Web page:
The biggest surprise, almost certainly of the entire tournament, is the inclusion of GB flyweight Charley Davison. The mother of three had seven years out of the sport. She came back to boxing to get in shape. Davison only won the elite national championships last year. The Lowestoft boxer had to move down a division for a GB assessment. But she got on to the squad in January and proved herself, to such an extent that the British coaching team have selected her for this event at 51kgs. Davison has had gym bouts with world class boxers in camp. But now she needs to deliver at the highest level and reach the top six if her Olympic dream is to come true. If she gets through the preliminary stages on March 14 and 16, the crucial quarter-final would be on the afternoon of March 19. Lose that and it’s into the box-offs on the evening session of March 21 for a last chance to qualify.
In a team without the sudden arrival of Davison, Lewis Richardson would have been a surprise selection. After an injury to Sammy Lee, as the reserve Richardson has been called up at middleweight. Another magical chance for a British boxer, but this will be immensely tough division. Russia has a quality middleweight in Gleb Bakshi and the Ukraine’s formidable Oleksandr Khyzhniak will be looking to storm his way to the final. If Richardson can make it to the quarter-finals and win on the evening of March 20 he’ll be an Olympian. The losing men’s middleweight quarter-finalists go into two qualification box-offs that take place on the afternoon of March 22.
In contrast British super-heavyweight Frazer Clarke is a veteran of international boxing. He’s been on the international squad for the last two Olympic cycles but this will be his first qualification event. It’s a big chance that’s he waited a long time for. At 91&kgs only four will go from this event to Tokyo. He needs therefore to win in the quarter-finals on the evening of March 20. There are good super-heavy contenders in Europe too, including Clarke’s now familiar rival Maksim Babanin of Russia.
Cheavon Clarke at 91kgs must also reach the final four. The Olympic qualification bouts in his division are the quarter-finals on the evening session on March 19. There will be an incentive however for all boxers in every division to go for gold after they’ve qualified. Seeding at the Olympic Games themselves will be informed by how well boxers do in their qualifier.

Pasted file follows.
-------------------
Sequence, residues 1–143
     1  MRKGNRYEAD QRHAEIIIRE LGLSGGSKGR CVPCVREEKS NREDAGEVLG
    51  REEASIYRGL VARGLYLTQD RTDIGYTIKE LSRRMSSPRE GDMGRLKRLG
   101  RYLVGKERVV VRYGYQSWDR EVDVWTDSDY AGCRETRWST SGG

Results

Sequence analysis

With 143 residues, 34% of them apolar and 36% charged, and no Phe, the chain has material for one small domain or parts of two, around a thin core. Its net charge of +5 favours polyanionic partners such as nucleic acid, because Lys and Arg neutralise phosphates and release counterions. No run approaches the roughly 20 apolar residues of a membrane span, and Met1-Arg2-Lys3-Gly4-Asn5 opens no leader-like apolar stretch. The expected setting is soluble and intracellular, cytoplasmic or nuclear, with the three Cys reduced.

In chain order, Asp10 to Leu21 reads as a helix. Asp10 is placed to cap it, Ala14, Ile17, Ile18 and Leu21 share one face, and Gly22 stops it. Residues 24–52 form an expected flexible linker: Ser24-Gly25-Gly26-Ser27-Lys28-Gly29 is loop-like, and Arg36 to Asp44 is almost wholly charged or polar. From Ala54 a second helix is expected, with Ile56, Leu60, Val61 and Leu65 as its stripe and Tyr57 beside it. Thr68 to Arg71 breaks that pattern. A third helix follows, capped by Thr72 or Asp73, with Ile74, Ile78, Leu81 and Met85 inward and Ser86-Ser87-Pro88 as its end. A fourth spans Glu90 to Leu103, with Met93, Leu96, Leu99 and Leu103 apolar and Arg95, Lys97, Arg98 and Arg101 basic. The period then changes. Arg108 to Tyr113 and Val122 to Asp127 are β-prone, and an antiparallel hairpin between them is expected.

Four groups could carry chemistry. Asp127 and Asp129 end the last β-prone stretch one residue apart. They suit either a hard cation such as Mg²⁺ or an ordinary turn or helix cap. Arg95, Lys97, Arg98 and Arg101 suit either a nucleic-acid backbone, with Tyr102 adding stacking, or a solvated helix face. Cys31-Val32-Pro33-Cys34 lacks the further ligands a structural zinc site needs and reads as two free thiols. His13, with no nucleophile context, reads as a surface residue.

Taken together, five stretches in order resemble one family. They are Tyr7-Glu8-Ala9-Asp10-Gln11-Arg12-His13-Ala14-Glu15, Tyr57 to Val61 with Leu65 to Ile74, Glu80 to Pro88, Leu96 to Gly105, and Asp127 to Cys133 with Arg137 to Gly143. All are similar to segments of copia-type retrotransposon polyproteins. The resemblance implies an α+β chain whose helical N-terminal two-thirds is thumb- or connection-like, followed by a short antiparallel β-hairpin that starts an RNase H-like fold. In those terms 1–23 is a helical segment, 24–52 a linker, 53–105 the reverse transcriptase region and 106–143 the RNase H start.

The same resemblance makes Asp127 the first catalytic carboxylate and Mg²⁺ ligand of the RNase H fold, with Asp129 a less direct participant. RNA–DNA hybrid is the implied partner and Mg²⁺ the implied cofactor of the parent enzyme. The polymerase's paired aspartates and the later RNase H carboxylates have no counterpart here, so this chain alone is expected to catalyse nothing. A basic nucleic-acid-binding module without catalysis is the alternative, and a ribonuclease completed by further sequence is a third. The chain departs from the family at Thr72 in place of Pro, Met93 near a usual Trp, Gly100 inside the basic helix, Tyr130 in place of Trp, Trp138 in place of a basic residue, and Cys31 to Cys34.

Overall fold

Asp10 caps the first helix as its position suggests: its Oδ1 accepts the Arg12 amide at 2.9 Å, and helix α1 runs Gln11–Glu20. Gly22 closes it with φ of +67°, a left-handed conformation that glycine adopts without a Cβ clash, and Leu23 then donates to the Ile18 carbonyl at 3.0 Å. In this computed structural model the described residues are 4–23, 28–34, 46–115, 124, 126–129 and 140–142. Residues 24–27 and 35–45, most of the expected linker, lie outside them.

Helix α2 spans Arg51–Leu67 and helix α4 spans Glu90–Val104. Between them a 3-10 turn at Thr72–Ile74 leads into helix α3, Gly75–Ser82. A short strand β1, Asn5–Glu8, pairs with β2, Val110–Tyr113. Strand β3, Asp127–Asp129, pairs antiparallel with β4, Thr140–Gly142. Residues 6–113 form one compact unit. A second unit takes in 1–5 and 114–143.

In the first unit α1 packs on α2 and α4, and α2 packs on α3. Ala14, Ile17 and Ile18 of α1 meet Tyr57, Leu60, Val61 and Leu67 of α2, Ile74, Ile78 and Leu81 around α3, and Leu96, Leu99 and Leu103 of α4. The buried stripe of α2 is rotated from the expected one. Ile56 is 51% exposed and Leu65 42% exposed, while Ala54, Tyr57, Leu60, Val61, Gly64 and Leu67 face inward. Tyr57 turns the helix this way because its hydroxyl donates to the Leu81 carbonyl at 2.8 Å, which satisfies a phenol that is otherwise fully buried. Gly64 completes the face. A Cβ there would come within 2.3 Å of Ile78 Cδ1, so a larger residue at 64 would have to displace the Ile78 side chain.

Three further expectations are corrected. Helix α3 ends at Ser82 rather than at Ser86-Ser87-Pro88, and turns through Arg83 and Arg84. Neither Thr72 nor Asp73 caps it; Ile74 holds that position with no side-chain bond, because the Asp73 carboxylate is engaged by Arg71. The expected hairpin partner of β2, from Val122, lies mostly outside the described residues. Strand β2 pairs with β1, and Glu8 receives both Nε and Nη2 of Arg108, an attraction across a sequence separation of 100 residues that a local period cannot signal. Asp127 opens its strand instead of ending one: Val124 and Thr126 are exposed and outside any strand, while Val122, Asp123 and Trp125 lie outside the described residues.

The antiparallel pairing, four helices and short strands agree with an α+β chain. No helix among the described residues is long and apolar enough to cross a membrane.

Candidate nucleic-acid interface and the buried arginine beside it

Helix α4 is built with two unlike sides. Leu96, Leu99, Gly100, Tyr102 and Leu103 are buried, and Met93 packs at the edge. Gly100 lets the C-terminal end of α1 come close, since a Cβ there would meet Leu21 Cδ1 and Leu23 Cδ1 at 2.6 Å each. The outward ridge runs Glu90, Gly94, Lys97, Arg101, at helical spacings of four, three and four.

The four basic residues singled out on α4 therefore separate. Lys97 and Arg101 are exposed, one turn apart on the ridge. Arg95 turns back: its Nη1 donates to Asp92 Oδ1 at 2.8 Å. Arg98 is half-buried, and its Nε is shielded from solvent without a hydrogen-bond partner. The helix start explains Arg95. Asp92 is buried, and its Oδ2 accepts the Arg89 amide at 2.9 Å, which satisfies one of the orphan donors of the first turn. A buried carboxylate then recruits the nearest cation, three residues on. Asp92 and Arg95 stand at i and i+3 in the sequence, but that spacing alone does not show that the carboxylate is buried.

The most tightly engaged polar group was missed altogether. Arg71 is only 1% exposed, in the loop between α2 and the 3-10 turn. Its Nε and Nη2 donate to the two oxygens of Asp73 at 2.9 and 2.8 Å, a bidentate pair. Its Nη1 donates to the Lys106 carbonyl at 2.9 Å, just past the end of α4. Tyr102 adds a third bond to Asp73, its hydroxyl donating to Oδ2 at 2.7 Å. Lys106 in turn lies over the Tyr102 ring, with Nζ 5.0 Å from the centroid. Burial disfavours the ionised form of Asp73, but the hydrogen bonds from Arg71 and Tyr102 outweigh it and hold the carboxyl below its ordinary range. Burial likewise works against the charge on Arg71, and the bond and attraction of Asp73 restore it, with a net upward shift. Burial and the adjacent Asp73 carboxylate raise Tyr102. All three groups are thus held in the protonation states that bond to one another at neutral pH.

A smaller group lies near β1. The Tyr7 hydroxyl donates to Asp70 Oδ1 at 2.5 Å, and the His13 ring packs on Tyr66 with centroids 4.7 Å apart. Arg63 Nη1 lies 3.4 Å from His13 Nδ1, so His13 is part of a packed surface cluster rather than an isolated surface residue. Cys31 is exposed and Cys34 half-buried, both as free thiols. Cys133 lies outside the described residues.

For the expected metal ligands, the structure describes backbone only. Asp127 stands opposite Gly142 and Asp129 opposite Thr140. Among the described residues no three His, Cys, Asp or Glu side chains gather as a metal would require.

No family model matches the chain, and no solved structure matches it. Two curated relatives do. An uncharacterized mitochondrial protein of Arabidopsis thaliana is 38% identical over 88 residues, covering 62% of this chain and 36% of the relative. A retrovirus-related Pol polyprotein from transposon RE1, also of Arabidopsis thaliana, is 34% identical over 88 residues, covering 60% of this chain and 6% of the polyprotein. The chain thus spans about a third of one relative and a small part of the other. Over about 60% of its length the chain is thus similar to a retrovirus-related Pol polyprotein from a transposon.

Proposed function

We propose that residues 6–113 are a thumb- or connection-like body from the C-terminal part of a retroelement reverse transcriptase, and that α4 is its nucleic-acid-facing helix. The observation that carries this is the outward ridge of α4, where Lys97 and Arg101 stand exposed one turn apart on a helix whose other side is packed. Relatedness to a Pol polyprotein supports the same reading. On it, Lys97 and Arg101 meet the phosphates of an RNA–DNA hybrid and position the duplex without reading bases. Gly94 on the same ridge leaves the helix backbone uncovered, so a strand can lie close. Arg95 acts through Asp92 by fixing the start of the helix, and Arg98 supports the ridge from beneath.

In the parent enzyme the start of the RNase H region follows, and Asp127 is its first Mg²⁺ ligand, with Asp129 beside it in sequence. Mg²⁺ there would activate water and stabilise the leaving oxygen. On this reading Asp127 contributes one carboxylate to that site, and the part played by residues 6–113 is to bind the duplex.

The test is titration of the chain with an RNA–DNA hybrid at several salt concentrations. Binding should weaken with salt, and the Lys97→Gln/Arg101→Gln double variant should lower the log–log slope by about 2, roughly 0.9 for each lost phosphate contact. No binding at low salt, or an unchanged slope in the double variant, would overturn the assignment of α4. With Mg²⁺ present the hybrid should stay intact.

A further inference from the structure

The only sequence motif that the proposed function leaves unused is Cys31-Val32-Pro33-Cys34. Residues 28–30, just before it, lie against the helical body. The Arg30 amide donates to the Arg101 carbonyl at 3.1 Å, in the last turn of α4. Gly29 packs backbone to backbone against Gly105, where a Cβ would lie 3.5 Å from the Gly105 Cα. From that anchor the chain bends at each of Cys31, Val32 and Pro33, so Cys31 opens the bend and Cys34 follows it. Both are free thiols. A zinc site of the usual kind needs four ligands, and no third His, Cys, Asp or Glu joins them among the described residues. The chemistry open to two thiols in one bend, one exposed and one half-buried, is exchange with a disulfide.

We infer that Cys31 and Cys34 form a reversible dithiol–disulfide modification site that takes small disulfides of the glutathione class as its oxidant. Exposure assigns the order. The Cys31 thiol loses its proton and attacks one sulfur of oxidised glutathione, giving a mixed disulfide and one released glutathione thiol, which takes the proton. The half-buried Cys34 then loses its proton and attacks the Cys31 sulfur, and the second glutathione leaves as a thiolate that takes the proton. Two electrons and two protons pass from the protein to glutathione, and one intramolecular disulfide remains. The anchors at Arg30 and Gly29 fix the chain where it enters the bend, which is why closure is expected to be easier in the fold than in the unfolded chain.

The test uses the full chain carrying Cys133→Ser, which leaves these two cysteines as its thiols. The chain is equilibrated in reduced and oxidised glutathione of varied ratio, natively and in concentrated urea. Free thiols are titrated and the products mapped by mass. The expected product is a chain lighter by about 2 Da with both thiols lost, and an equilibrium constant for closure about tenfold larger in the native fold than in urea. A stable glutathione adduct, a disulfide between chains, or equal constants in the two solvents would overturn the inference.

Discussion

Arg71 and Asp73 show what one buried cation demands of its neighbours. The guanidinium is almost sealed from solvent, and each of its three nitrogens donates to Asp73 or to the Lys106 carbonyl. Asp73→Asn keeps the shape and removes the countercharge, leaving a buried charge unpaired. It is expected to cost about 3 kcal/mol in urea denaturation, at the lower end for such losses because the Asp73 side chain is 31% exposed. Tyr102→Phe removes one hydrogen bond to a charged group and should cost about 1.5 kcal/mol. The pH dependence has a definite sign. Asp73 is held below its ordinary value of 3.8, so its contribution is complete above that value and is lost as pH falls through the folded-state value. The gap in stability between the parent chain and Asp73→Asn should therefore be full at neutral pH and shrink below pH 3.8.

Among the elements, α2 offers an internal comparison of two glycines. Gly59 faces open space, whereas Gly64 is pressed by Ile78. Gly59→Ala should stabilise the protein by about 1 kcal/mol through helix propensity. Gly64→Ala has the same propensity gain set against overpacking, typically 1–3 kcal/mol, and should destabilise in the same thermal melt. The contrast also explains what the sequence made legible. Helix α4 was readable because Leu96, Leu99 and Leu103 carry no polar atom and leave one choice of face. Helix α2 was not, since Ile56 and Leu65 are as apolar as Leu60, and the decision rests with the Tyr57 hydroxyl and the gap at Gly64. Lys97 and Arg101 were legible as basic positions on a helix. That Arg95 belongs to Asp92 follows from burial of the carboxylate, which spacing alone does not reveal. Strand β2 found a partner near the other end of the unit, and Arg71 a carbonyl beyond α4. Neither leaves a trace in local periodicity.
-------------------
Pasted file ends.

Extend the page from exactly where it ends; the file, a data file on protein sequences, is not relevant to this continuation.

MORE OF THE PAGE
To make sure of a 81kgs berth at Tokyo Ben Whittaker will need to place in the top six to make sure of his qualification. The all important quarter-finals for him would be in the afternoon session on March 20, with the box-off at 81kgs, if required, on March 22 in the evening session. Whittaker will rightly be confident going into this tournament but there is tough opposition in the division. Azerbaijan have a Loren Dominguez, of Cuban heritage, boxing for them, a man who has beaten Whittaker before. Ben though was the only European to medal at the World championships last year.
While others might become stars over the coming months, Pat McCormack is already a sensation. McCormack has been dazzling with his results. His only loss of 2019 was a somewhat contentious ruling after a bad cut early in the second round ended his World championship final in favour of Russia’s Andrei Zamkovoy. Pat will have his sights set on the final and the gold medal here in London but to secure his place at his second Olympic Games he would just need to win a quarter-final on March 20, in the afternoon session (or failing that the qualification box-offs to decide the fifth and sixth quota places for men’s welterweights are on the afternoon of March 22).
Pat’s twin brother Luke McCormack will be in action alongside him, determined to ensure the duo go to Tokyo together. For Luke in the new lightweight division (63kgs) he needs to finish in the top eight. He would therefore face his qualification bout on the evening session of March 17. Winning that would put him into the quarter-finals and the next Olympic Games.
Similarly GB 57kgs Peter McGrail needs to reach the quarter-finals to make it to his first Olympic Games. He will therefore need to get through the preliminary stage bouts on the evening of March 16 to reach the final eight. The Liverpudlian has to be favoured to do this. There hasn’t been a major championship since Rio 2016 in which McGrail hasn’t medalled. But renewing hostilities with Ireland’s Kurt Walker is a fascinating prospect.
Similarly Galal Yafai needs a top eight finish. Bouts at 52kgs, a division he was only obliged to move up to last year, start on the evening of March 14 at the Copper Box with the qualifying contests on the evening of March 16.
340 boxers from 46 countries are set to take part in this event. The competition is sure to be fierce. Tickets to the event are on sale at https://see.tickets/boxingroadtotokyo, with prices starting at £5.